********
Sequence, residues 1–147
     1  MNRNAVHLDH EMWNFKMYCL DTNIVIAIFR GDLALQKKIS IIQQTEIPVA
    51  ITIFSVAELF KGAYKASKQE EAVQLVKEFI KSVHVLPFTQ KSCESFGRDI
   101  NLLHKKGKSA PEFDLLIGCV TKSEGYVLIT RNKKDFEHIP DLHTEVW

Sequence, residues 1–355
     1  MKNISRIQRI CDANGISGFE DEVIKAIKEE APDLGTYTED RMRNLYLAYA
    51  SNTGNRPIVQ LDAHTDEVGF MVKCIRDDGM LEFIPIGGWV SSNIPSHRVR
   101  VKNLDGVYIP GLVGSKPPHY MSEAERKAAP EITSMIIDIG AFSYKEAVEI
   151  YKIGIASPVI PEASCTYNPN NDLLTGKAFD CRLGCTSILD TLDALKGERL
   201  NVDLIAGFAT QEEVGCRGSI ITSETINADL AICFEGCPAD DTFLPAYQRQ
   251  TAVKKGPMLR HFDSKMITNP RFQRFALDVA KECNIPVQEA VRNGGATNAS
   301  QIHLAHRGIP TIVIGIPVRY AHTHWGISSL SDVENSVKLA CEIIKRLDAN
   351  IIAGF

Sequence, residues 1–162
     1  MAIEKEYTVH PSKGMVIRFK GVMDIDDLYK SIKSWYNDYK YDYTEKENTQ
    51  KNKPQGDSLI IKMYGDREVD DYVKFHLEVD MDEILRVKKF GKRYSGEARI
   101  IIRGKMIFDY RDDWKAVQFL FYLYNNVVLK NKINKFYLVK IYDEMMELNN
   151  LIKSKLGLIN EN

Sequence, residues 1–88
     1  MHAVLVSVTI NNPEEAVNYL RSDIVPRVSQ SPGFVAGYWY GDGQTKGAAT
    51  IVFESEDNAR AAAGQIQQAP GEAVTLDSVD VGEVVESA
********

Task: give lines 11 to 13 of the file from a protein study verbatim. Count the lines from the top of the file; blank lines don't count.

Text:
   251  TAVKKGPMLR HFDSKMITNP RFQRFALDVA KECNIPVQEA VRNGGATNAS
   301  QIHLAHRGIP TIVIGIPVRY AHTHWGISSL SDVENSVKLA CEIIKRLDAN
   351  IIAGF